A-M Robreau

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Variegate porphyria (VP) is a low-penetrance, autosomal dominant disorder characterized clinically by skin lesions and acute neurovisceral attacks that occur separately or together. It results from partial deficiency of protoporphyrinogen oxidase encoded by the PPOX gene. VP is relatively common in South Africa, where most patients have inherited the same(More)
Variegate porphyria (VP) is an autosomal dominant disorder of heme synthesis caused by a partial deficiency of protoporphyrinogen oxidase (PPOX). Human cDNA encoding PPOX has been recently sequenced and the gene has been cloned, assigned to chromosome 1q23, and its exon/intron organization has been characterized. We report here the complete nucleotide(More)
Acute intermittent porphyria (AIP) is the major autosomal dominant form of acute hepatic porphyrias. The disease is due to mutations in the gene encoding for porphobilinogen (PBG) deaminase and is characterized by life-threatening neurovisceral attacks, often precipitated by drugs, fasting, cyclical hormonal changes, or infectious diseases. This report(More)
We investigated the possible role of chromosome 10q losses in colorectal cancer metastasis by carrying out an allelic imbalance study on a series of microsatellite instability-negative (MSI-) primary tumours (n=32) and metastases (n=36) from 49 patients. Our results demonstrate that 10q allelic losses are associated with a significant proportion (25%) of(More)
Variegate porphyria (VP) is an acute hepatic porphyria with autosomal dominant inheritance due to a partial deficiency of protoporphyrinogen oxidase (PPOX) activity. The molecular defect responsible for VP was investigated by sequencing PPOX gene coding sequence from four patients in three unrelated VP families of French Caucasian origin. In a first(More)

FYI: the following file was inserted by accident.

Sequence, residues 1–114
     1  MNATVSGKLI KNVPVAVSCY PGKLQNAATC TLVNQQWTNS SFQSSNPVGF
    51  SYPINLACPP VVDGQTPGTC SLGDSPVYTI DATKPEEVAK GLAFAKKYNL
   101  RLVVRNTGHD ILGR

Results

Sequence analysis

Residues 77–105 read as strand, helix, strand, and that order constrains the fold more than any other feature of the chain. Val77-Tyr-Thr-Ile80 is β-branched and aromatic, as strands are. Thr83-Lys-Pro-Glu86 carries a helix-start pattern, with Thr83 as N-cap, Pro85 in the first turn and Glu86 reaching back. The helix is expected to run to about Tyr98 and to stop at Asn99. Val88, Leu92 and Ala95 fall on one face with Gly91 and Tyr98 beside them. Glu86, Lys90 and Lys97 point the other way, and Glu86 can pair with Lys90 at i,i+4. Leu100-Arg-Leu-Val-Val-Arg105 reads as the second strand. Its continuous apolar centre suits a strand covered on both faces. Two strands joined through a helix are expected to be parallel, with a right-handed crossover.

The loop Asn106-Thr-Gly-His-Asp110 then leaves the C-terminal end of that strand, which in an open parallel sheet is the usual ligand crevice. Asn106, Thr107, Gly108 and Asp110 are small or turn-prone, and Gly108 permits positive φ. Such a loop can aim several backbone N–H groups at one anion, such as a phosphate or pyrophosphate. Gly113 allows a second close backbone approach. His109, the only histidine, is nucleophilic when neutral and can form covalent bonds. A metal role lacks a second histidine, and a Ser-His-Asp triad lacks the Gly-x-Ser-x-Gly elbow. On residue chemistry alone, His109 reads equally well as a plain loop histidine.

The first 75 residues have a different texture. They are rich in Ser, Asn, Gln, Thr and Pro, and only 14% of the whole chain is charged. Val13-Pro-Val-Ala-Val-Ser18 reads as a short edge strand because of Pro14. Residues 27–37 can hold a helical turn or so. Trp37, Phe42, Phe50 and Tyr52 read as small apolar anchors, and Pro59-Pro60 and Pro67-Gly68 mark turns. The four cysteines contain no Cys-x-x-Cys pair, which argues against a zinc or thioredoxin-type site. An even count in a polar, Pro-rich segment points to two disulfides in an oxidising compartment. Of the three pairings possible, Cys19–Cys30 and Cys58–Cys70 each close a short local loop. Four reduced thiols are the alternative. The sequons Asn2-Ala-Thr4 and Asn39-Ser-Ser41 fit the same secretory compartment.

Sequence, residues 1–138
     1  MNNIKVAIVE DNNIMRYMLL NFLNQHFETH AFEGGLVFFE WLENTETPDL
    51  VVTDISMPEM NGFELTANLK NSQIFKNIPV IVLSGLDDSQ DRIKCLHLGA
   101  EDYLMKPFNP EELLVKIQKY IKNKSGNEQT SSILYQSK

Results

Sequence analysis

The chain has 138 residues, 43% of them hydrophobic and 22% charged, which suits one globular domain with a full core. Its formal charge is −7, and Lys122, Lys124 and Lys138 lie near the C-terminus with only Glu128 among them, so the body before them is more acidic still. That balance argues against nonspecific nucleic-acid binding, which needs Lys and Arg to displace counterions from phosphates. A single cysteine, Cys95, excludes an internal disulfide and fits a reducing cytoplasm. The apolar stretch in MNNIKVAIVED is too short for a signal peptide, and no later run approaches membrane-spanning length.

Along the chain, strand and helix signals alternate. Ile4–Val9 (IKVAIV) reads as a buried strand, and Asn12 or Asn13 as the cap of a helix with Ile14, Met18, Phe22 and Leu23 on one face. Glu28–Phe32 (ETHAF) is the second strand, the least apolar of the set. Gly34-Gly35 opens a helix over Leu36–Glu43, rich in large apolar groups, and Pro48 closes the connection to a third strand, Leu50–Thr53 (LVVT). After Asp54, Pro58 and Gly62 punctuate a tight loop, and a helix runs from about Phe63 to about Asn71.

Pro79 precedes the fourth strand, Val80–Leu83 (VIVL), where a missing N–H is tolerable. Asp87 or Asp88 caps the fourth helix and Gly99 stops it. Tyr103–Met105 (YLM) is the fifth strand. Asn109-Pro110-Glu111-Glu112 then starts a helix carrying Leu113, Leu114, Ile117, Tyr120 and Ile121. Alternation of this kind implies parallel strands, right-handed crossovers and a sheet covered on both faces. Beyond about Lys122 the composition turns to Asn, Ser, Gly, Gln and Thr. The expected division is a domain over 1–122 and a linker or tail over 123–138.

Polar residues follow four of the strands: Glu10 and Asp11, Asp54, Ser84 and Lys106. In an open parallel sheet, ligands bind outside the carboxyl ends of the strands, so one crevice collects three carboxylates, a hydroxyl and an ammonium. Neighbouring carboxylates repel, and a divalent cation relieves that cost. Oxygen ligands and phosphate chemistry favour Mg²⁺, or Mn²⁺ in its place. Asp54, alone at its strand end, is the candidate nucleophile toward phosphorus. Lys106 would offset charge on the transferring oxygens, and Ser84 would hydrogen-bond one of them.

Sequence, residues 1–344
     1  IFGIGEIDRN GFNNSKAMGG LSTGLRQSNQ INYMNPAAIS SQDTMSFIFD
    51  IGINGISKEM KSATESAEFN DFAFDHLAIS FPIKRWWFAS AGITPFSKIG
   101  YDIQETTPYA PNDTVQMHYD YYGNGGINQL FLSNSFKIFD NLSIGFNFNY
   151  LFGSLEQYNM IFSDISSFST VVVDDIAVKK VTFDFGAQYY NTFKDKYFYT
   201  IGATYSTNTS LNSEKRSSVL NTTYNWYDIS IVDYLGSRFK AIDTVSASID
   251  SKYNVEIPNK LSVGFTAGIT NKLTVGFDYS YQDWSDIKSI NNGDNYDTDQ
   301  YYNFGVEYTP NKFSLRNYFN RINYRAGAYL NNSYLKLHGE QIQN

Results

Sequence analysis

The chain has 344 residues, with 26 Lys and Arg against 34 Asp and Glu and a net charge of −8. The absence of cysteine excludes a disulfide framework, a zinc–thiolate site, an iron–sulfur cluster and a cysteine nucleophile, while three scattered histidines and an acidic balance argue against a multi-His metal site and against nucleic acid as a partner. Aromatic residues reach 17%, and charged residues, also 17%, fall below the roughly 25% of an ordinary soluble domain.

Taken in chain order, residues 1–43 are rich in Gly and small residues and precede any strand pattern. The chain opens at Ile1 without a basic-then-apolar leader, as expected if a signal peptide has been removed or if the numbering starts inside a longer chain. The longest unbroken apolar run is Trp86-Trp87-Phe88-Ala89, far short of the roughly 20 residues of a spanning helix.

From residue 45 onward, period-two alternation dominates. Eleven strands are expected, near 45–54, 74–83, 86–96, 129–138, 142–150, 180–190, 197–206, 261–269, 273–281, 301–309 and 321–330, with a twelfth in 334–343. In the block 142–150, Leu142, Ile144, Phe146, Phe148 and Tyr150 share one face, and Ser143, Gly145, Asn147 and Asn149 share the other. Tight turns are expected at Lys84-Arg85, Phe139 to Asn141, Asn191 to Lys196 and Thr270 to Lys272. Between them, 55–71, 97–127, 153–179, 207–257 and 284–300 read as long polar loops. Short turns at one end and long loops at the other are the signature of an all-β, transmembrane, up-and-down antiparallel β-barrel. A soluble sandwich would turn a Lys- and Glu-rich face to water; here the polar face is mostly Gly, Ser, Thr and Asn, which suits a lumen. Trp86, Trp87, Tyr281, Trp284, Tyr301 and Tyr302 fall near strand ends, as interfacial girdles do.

Acute intermittent porphyria is the major autosomal dominant form of acute hepatic porphyrias. The disease is due to mutations in the gene encoding for porphobilinogen deaminase (PBGD). Many different strategies have been developed to screen for mutations. However the high prevalence (0.6 per thousand) of PBGD gene defect, the large allelic heterogeneity of(More)
OBJECTIVES Acute intermittent porphyria (AIP) is an autosomal dominant disorder resulting from a 50% deficiency in porphobilinogen deaminase (PBG deaminase). The true prevalence in the general population of mutations in the PBG deaminase gene capable of causing AIP is unknown. However, it is important to identify asymptomatic carriers of AIP mutations(More)
Acute intermittent porphyria (AIP) is an autosomal dominant disorder caused by a partial defect of the heme biosynthesis enzyme, porphobilinogen deaminase (PBGD). PBGD is encoded by two distinct mRNA species expressed in a tissue-specific manner from a single gene. One transcript is expressed in erythroid tissues, while the housekeeping transcript is(More)
Acute intermittent porphyria (AIP) is an autosomal dominant disorder characterized by alterations of the gene encoding porphobilinogen deaminase (PBGD: EC 4.3.1.8), the third enzyme of the heme biosynthetic pathway. The molecular heterogeneity of the mutations causing AlP has been demonstrated with a reported predominance of single base substitutions(More)
Acute intermittent porphyria (AIP) is an autosomal dominant disorder caused by a partial porphobilinogen (PBG) deaminase deficiency. An exon-by-exon denaturing gradient gel electrophoresis (DGGE) analysis followed by direct sequencing of the DNA fragments was performed to investigate molecular defect in 8 unrelated patients living in south of France: one(More)